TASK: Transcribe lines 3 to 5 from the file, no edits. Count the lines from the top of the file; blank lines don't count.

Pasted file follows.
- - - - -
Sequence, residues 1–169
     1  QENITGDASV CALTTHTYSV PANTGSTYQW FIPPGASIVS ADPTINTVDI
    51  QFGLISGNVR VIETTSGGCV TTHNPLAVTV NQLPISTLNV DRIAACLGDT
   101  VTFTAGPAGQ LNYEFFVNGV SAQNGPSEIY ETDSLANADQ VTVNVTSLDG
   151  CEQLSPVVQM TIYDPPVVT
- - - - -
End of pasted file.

    51  QFGLISGNVR VIETTSGGCV TTHNPLAVTV NQLPISTLNV DRIAACLGDT
   101  VTFTAGPAGQ LNYEFFVNGV SAQNGPSEIY ETDSLANADQ VTVNVTSLDG
   151  CEQLSPVVQM TIYDPPVVT